Atmospheric jets are large-scale bands of fast flowing winds that are common in many planets. On Earth, jet streams form at different latitudes and drive westerly winds that meander across latitudes and can reach velocities of 400 km/hr. In Jupiter and Saturn, atmospheric jets are one of the main features of the atmosphere of both planets and they are so perfectly aligned with the parallels that they are called zonal jets. The zonal jets are observed in the motion of the ammonia clouds that cover both planets at pressure levels of 600 mbar in Jupiter and around 1000 mbar in Saturn. The zonal jets alternate their direction in latitude and the most intense jets reach velocities of 500 and 1500 km/h in Jupiter and Saturn respectively. The zonal alignment is a consequence of the fast rotation of the planets (both Jupiter and Saturn have a rotation period of about 10 hr), which results in a balance between Coriolis forces and latitudinal gradients of pressure. In Jupiter and Saturn the jets are mostly stable in time with only minor changes at cloud level observed over years and decades, or with intense changes linked only to rare planetary-scale disturbances on localized latitudes.
On July 27, 2022 the James Webb Space Telescope (JWST) observed Jupiter’s atmosphere as part of an “Early Release Science” program. The goals of that program were to demonstrate the wide range of capabilities of the telescope for Solar System research, with observations of the atmosphere in imaging and spectroscopic modes, spectroscopy of the large satellites Ganymede and Io, and image observations of the rings and the minor satellites around Jupiter. In spite of decades of previous observations of the Jupiter system from other telescopes and spacecraft, the unique capabilities of JWST resulted in a treasure of new data for the different targets of the program. In Hueso et al. (2023) we report some of the results obtained from the analysis of the gorgeous images of the planet taken by JWST.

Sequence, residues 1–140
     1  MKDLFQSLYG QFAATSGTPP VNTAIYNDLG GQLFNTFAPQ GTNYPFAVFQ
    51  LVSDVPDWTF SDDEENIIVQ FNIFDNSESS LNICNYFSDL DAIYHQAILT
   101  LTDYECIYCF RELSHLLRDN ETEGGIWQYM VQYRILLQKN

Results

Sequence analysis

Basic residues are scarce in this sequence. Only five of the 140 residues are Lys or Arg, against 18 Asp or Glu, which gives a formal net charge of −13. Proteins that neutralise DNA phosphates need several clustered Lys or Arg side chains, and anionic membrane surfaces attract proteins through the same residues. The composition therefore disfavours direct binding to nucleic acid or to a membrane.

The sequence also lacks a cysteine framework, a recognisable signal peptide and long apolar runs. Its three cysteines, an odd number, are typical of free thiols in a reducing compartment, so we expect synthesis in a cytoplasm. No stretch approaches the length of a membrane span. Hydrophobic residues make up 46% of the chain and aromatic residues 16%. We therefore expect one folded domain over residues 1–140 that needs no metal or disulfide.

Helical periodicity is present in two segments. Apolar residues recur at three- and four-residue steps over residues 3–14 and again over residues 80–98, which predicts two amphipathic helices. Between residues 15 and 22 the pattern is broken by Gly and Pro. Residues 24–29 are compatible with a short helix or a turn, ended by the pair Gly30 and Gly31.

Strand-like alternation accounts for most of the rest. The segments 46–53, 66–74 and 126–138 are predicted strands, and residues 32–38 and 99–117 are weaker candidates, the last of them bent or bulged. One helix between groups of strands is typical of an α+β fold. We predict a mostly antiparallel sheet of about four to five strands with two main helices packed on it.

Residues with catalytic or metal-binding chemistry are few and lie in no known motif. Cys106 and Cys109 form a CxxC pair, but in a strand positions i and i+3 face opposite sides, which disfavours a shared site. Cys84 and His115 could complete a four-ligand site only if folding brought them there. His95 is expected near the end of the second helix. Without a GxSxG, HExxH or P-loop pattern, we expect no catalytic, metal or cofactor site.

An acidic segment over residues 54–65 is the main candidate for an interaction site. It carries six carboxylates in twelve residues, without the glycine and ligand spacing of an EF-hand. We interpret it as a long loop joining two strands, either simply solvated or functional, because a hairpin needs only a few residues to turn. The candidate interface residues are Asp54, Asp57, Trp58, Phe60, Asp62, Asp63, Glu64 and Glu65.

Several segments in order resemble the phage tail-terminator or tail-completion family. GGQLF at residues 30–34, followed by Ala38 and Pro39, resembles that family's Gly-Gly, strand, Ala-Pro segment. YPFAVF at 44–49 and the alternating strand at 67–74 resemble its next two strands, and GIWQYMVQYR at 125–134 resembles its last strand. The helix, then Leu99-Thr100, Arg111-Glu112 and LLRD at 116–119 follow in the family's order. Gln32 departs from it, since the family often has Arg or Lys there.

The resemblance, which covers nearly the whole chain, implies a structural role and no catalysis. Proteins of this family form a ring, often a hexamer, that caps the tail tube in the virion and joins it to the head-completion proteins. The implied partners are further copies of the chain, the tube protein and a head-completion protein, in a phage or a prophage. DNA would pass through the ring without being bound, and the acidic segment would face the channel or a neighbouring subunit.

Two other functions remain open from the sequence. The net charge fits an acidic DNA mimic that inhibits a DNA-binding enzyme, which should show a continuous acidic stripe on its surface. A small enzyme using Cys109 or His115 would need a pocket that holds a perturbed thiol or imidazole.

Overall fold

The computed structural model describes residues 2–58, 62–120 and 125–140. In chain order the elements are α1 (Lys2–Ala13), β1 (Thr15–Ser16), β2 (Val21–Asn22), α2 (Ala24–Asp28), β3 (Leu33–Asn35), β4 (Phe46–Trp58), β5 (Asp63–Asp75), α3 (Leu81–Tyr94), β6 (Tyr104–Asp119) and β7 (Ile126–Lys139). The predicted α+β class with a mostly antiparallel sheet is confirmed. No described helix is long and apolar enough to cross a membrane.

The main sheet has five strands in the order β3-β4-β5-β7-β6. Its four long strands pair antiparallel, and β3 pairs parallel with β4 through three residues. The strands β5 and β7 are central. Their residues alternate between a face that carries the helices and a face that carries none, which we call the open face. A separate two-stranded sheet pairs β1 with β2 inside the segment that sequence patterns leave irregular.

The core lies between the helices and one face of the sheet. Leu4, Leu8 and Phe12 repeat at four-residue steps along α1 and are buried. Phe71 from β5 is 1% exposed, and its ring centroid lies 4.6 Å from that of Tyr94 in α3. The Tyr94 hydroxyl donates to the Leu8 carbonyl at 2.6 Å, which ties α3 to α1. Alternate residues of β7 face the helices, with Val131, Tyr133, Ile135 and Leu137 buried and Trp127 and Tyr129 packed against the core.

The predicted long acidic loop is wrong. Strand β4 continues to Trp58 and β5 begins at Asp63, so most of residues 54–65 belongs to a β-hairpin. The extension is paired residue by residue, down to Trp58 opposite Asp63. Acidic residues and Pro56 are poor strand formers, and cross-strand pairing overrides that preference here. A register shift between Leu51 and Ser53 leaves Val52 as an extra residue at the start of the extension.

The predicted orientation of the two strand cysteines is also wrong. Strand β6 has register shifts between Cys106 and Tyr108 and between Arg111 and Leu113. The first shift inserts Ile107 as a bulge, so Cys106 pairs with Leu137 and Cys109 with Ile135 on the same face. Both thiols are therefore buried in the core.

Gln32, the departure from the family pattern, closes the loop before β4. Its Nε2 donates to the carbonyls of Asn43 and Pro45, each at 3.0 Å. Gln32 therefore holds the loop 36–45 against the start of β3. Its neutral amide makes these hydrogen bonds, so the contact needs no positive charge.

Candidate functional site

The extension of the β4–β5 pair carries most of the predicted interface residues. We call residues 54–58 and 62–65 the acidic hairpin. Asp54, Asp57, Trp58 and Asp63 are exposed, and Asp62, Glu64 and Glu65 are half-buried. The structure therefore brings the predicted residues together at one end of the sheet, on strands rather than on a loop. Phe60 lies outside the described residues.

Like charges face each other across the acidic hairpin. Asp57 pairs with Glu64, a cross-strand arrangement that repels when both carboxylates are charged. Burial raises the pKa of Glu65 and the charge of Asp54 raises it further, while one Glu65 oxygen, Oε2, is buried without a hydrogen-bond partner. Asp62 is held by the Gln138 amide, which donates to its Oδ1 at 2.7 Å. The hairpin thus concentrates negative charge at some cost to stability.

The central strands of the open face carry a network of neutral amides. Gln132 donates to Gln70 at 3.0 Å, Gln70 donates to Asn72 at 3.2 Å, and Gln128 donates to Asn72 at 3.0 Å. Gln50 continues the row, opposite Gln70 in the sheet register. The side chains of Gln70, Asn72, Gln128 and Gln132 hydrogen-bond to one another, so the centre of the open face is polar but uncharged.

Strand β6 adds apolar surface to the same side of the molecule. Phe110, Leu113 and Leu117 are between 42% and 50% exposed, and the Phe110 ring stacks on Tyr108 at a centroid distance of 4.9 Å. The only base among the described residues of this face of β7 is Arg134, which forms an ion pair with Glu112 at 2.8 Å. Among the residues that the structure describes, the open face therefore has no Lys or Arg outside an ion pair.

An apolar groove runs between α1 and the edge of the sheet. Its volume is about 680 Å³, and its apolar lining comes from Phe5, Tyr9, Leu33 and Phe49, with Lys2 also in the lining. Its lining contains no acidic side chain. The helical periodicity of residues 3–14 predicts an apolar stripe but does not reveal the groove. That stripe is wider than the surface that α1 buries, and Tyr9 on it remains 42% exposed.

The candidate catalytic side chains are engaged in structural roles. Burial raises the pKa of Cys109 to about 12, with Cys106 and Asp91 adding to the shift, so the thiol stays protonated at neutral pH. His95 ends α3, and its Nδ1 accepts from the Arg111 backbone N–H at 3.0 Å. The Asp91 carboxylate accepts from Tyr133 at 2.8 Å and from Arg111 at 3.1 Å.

The JWST images of Jupiter opened new fresh views of the planet that were unlike any previous observation of the gas giant. Since Jupiter is a very bright target for JWST (which has a light collecting area that is 6.3 times larger than the Hubble Space Telescope), the images were acquired in wavelengths in which most of the light is absorbed in its path through the Jovian atmosphere by atmospheric gases such as methane and hydrogen. Thus, the selection of filters used in the observations included some of the wavelengths where the planet is the darkest; meaning that in many of these wavelengths Jupiter had never been observed at enough spatial resolution to resolve the weather systems in the atmosphere. Combining different filters that are sensitive to different amounts of atmospheric absorptions, the set of images obtained offers a three-dimensional view of Jupiter’s cloud systems that is remarkably sensitive to aerosols in the upper atmosphere near the tropopause, but deepening also in the troposphere and covering pressure levels from 1 bar to 100 mbar. Elevated clouds appear bright in these images, and the regular cloud systems observed in most ground-based and spacecraft images appear dark. In addition, the observations were designed to produce an instantaneous view of the atmospheric dynamics and motions of the Jovian atmosphere. This was done by acquiring two sets of images separated by a full Jovian rotation. The two sets of images can then be used to examine the relative motions of small-scale cloud systems tracking the winds with respect to Jupiter’s rotation.